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Code Blocks are a powerful AdvPL resource. They enable the export of small pieces of executable code from one place to another in the application. AdvPL considers code blocks as data values, enabling them to the stored in variables, entered as arguments for functions and used as a more efficient alternative to the macro operator ( & ).

 

Definition

The syntax used for a code block definition is:

 

{ | [ <lista de argumentos> ] | <lista de expressões> }

 

The arguments ( <lista de argumentos> ) and the expressions( <lista de expressões> ) must be separated by commas. The expressions specified cannot have commands, control structures of programming flow (WHILE ... ENDDO, IF ... ENDIF, etc.) or declarations (LOCAL, PRIVATE, etc.).

 

The vertical slashes ( | | ), that establish the code blocks are mandatory, even if there are no arguments. Hereinafter some code blocks examples:

{ | | “Bloco sem argumentos” }
{ | x | x + 1 }
{ | a, b | Func1(a) + Func2(b) }
{ | i, j, k | Func(i), Func(j), Func(k) }

 

As mentioned before, a code block can be attributed to a variable or an array element through the operator in line ( := ).

 

Code Blocks Run

The run or evaluation of the code blocks result is performed by function  EVAL(), whose syntax is:

 

EVAL( <bloco de código>, <lista de parâmetros> )

 

The function EVAL() run the specified code block ( <bloco de código> ), transferring the arguments in the parameters list ( <lista de parâmetros> ) . The expressions in the code block are run and evaluated one by one from left to right. The code block result value is the last expression result. For example:

bCodBloc := { | nNum1, nNum2 | nNum1 * nNum2 }
MSGALERT( EVAL(bCodBloc, 2, 3) )

 

The result of the expression above is 6.

Besides the function EVAL(), the functions AEVAL() and DBEVAL() also run code blocks. These functions respectively process arrays and data files, running the specified code block for each array elements or data file record.

 

Code Blocks Use

The code blocks are particularly used in the implementation of flexible routines, that is, that can be run irrespective of the type of data transferred to them.

The example below shows the function Message without the code blocks use. In this case, the function depends on the type of data transferred.

 

// It displays, for a determined amount of times, a data on the screen.
FUNCTION Message(xDado, nVezes)
	LOCAL nRepet := 0

	IF VALTYPE(xDado) == "C"
	// Character type data
		xDado := xDado

	ELSEIF VALTYPE(xDado) == "N"
	// Numeric type data
		xDado := LTRIM(STR(xDado))

	ELSEIF VALTYPE(xDado) == "D"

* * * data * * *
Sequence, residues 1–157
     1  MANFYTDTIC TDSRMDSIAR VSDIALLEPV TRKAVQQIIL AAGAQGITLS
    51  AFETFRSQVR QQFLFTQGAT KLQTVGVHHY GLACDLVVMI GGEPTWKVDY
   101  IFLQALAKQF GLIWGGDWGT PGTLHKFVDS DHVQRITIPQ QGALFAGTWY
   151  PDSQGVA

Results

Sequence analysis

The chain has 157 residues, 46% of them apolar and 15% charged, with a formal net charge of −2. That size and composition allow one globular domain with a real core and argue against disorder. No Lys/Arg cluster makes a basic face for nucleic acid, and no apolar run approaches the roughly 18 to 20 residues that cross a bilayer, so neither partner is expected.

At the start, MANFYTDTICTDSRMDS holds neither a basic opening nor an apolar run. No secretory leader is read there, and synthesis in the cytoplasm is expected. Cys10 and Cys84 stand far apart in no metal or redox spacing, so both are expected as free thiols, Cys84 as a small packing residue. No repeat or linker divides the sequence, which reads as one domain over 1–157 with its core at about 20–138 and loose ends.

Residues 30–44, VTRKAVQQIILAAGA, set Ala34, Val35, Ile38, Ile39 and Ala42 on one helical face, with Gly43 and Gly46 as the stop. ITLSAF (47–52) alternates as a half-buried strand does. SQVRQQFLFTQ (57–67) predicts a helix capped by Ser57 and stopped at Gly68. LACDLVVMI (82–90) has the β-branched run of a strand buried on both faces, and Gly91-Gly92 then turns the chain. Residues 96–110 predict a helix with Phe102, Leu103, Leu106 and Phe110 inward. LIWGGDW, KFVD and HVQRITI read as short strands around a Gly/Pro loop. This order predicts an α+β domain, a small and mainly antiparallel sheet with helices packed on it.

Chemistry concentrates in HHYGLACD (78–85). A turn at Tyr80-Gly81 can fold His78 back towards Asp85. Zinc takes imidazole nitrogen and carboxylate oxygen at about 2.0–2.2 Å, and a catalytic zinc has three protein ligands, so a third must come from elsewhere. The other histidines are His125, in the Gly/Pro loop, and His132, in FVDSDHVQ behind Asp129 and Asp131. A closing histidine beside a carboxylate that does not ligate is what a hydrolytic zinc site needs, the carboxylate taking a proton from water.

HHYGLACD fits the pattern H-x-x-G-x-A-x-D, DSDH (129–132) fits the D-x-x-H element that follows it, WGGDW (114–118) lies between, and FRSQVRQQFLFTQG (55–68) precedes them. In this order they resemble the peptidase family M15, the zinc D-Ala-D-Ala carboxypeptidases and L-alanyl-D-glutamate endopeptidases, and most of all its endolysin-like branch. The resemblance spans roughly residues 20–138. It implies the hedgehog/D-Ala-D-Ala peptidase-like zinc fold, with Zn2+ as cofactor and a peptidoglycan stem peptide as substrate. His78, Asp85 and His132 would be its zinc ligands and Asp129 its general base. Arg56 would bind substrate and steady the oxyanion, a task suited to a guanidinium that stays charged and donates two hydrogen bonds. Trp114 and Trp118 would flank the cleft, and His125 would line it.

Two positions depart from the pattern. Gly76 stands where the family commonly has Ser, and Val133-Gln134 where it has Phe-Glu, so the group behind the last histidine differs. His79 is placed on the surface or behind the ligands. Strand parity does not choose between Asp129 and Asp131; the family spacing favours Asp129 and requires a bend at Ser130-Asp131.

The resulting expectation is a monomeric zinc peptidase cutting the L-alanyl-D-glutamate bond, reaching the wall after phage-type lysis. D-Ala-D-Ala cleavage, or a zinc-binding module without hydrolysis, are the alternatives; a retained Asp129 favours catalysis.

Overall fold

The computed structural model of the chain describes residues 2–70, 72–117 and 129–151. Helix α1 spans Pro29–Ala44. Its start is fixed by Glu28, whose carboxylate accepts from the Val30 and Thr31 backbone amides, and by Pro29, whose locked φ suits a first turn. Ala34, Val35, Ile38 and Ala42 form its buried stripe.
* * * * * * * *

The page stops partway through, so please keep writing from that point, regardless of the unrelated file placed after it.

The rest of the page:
// Date type data
		xDado := DTOC(xDado)

	ELSEIF VALTYPE(xDado) == "L"
	// Logic type data
		xDado := IIF(xDado, "Verdadeiro", "Falso")

	ELSE
	// Another type of data
		xDado := "Indefinido"
	ENDIF

	FOR nRepet := 1 TO nVezes
		MSGALERT(xDado)
	NEXT nRepet

	RETURN

 

To make function Message more generic, irrespective of the type of data transferred:

bCarCod   := { | xDado | xDado }
bNumCod   := { | xDado | LTRIM(STR(xDado)) }
bLogCod   := { | xDado | IF(xDado, “Verdadeiro”, “Falso”) }
bDatCod   := { | xDado | DTOC(xDado) }

 

Transferring the code blocks defined above, the function Message could have the following format:

// It displays, for a determined amount of times, a data on the screen.
FUNCTION Message(xTexto, bBloco, nVezes)

	LOCAL nPesoSac := 0

	FOR nRepet := 1 TO nVezes
		MSGALERT(EVAL(bBloco, xTexto))
	NEXT nRepet

	RETURN

 

Therefore, one of the code blocks basic usages that generically consider data, making them more flexible and independent, as they are run in compliance with the code block transferred.

The code blocks usage is an important  AdvPL language resource. As you get familiar with this resource, it becomes simpler, and user friendly. When it is well used and understood, the code block makes the source code more generic, flexible and modular, increasing productivity in the maintenance and in new programs developing.

 

Code Blocks Maintenance

Code blocks cannot be stored straight in data file fields, unless they are transformed in character type variables. To use them later, the macro operator is utilized as follows:

FUNCTION Message()

	LOCAL bBloco := ""

	// It saves the code block in the field of Table SE2 (Payable Bill) as a character variable.
	SE2->E2_TEXTO := " { |xDado| Func1(xDado) } "

	// Attributes the code block to the variable bBloco
	bBloco := &(SE2->E2_TEXTO)

	// Runs the code block stored in the variable bBloco
	EVAL(bBloco, xDado)

	RETURN NIL
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